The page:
Another one of those National Parks that I didn’t know existed until a few days ago was our objective for the day. That was, after I finished the wonderful Agatha Christie novel The Secret of Chimneys (Kindles are great for traveling). The Black Canyon was about ninety minutes’ drive SE of Grand Junction & we were pleased to leave behind the rain & see it dry out a bit. From the town of Montrose, you drive up to about 2400m & after entering the park on top of what is not a particularly wide hill, there is all of a sudden a very deep but skinny canyon off the side of the road.
The canyon has the best combination of deepness, steepness & narrowness in the continent & it really is quite impressive. Carved out of hard rock by the fast-flowing Gunnison River (which flows on to the Colorado at Grand Junction), the canyon floor loses more elevation in forty-eight miles than the Mississippi does in its entire length (1550 miles). I thought we’d skip the Visitor Center to start with to make the most of the break in the weather. I was wrong, within ten minutes we were being snowed on heavily.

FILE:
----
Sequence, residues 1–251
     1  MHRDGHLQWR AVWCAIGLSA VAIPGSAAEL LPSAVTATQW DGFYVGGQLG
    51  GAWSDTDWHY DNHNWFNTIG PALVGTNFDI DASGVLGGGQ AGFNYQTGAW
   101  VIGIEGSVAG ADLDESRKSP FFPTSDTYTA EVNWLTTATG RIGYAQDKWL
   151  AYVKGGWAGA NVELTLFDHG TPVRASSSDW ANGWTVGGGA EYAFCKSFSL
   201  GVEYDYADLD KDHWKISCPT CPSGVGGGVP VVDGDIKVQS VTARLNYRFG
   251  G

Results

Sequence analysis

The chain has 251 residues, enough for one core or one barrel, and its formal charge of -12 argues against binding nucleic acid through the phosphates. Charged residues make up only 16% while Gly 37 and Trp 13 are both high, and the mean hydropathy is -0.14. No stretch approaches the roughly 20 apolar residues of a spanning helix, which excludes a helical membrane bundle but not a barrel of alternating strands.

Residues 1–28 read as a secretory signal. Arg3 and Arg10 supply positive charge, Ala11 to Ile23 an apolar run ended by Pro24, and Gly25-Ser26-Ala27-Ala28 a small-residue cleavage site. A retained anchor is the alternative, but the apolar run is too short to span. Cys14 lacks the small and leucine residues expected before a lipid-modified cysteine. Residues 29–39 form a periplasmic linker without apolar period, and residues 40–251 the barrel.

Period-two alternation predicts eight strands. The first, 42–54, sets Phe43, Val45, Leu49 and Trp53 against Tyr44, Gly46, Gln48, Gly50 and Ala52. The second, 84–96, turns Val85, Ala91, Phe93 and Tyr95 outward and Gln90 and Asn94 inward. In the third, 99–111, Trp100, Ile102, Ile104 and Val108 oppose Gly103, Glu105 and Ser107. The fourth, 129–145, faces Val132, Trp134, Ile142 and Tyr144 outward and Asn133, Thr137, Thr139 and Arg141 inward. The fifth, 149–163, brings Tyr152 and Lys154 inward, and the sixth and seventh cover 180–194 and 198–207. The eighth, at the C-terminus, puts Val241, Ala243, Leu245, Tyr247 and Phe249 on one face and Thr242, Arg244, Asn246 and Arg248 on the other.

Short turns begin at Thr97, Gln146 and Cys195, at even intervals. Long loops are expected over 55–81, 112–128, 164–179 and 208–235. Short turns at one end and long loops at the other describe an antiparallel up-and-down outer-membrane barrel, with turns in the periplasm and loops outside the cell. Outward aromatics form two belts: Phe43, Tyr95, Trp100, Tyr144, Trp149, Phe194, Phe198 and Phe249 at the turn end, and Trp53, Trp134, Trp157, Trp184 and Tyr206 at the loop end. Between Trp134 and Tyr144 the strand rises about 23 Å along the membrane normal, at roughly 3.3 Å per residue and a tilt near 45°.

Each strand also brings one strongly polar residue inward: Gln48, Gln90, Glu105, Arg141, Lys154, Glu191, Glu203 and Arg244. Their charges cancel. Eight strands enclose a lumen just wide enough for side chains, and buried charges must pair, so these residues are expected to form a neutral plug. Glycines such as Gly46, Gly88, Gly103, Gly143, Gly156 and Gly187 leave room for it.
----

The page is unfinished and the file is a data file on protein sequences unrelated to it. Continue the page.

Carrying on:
Consequently, we went back to the Visitor Center & had a quick look around & waited for the weather to clear. For the next hour or so, we drove around the South Rim dodging the snow, & then rain, taking in various vantage points. Besides the spectacular canyon, the highlight was seeing my first bobcat skulking off in to the bushes a few metres away from the trail. We got a better view of it a few minutes later as we were driving down the road – they are smaller than I, for some reason, thought. Unfortunately, no photo. Here are few more pictures of different parts of the canyon for those interested. While the clouds & rain can get a bit annoying at times, they do add a bit of a different atmosphere to the scenery.
These stripes in the rock were neat – formed by molten lava infiltrating cracks in the rock that was already there many moons ago.
Now I’m going back to a Poirot – the first in a while.